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Cathemerality in wild ring-tailed lemurs (Lemur catta) in the spiny forest of Tsimanampetsotsa National Park: Camera trap data and preliminary behavioral observations

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Cathemerality consists of discrete periods of activity during both the day and night. Though uncommon within Primates, cathemerality is prevalent in some lemur genera, such as Eulemur, Hapalemur, and Prolemur. Several researchers have also reported nighttime activity in Lemur catta, yet these lemurs are generally considered "strictly diurnal". We used behavioral observations and camera traps to examine cathemerality of L. catta at the Tsimanampetsotsa National Park, Madagascar. Nighttime activity occurred throughout the study period (September 2010-April 2011), and correlated with warm overnight temperatures but not daytime temperatures. Animals spent 25 % of their daytime active behaviors on the ground, but appeared to avoid the ground at night, with only 5 % of their time on the ground. Furthermore, at night, animals spent the majority of their active time feeding (53 % nighttime, 43 % daytime). These findings imply that both thermoregulation and diet play a role in the adaptive significance of cathemerality. Additionally, predator avoidance may have influenced cathemerality here, in that L. catta may limit nighttime activity as a result of predation threat by forest cats (Felis sp.) or fossa (Cryptoprocta ferox). Further data are needed on cathemeral lemurs generally, but particularly in L. catta if we are to fully understand the evolutionary mechanisms of cathemerality in the Lemuridae.
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... In order to identify possible periods of positive and negative energy balance, we estimate the metabolizable energy intake in different seasons and contrast these estimates with the total energy expenditure (TEE) measured previously with doubly labeled water at the same study site in both species (Berenty Reserve [Simmen et al., 2010]). Finally, we discuss whether the cathemeral behavior (i.e., significant nocturnal and diurnal activity) reported for these lemurs, one characteristic of the so-called "lemur syndrome" [Wright, 1999], may be a consequence of an insufficient energy intake during daytime or the low ability of these species to digest plant fibers [Engqvist and Richard, 1991;Donati et al., 2007Donati et al., , 2009Donati et al., , 2013LaFleur et al., 2014]. Based on the seasonal pattern of nocturnality reported for E. rufifrons × collaris at Berenty and some activity of L. catta at night at Berenty [Donati et al., 2013], we made the following predictions: during the dry season, the 2 lemur species are not able to meet their energy needs (with possible species differences) by simply feeding during the day, even accounting for body fat stored during the wet season. ...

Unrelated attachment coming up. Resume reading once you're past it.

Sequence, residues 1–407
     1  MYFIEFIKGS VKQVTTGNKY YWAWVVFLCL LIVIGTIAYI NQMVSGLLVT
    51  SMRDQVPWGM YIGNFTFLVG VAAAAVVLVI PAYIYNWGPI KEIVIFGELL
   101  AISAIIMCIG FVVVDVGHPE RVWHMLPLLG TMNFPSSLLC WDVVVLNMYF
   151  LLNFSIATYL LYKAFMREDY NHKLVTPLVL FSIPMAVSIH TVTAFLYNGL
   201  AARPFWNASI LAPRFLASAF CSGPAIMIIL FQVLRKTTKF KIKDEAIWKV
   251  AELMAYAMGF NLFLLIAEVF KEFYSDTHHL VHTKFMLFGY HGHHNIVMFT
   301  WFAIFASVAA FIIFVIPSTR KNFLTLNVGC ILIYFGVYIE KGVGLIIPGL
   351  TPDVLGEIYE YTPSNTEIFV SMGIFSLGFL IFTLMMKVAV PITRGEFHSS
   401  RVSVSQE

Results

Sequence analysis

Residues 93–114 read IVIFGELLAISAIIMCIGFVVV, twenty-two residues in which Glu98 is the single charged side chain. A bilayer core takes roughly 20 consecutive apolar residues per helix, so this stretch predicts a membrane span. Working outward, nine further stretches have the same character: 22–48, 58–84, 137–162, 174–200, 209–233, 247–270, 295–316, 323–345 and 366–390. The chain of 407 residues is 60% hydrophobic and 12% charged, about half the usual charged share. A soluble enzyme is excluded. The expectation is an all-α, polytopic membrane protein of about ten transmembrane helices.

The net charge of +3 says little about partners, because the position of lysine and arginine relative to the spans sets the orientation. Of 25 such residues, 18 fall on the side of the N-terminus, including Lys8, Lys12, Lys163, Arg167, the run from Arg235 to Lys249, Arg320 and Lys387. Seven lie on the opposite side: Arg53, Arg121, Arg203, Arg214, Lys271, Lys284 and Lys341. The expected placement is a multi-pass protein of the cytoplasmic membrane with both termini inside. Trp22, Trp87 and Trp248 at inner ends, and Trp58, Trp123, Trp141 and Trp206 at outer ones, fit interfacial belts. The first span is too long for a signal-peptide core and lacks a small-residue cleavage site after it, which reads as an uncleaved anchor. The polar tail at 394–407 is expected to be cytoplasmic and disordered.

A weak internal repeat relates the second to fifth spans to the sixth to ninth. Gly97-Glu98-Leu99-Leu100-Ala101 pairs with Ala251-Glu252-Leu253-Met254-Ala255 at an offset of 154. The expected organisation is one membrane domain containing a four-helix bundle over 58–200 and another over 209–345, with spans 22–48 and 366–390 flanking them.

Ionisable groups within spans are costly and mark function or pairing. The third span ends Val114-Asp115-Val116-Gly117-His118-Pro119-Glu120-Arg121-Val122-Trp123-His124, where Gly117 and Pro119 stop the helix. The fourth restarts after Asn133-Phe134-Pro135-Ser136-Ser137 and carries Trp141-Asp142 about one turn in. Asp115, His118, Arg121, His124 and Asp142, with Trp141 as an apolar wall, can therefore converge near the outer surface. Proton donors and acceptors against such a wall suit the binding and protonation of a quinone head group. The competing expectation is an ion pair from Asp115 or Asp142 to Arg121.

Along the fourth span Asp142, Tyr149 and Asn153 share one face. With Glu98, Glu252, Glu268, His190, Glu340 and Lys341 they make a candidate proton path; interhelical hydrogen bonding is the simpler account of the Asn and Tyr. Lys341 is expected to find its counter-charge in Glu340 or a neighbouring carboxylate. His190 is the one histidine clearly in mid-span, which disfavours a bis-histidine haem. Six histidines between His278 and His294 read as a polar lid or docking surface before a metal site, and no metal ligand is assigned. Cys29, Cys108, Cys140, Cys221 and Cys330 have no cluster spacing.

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Thesis
The relationship between a predator and its prey is multifaceted and this study aims to expand one of the keystone concepts within predator prey interactions. The spatial and temporal changes in a prey animal's behaviour when there is a perceived risk of predation. Hyrax, a small African mammal, plays an integral role in rocky habitats as a key food source for many predators. The purpose of this study was to test the impact of predation on hyrax using giving-up density (GUD) experiments to establish a landscape of fear. Due to the absence of interaction from the hyrax with the GUD experiments a camera trapping protocol was implemented to collect behavioural data on hyrax in the Soutpansberg Mountains in northern South Africa. The study aimed to test a number of conclusions made in the literature about hyrax including their classification as a diurnal species, the potential for nocturnal activity and the impact of predation on the diel cycle. Behavioural plasticity with respect to seasonal and environmental changes is also explored including the extent to which they display behavioural thermoregulation. Hyrax showed nocturnal activity with 8.4% of activity occurring within the dark hours of the 24-hour period but the level of predation pressure may be limiting the level of nocturnality. Hyraxes were also significantly impacted by environmental variables. Activity increased with temperature in all four seasons and rainfall had an immediate effect of reducing activity. It was shown that hyrax demonstrate site specific activity that is consistent over time but can vary within a location. This study is novel in its methods for studying hyrax and has presented new information on this understudied species that may have far reaching implications for future studies on hyrax and their predators.
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Method
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Chapter
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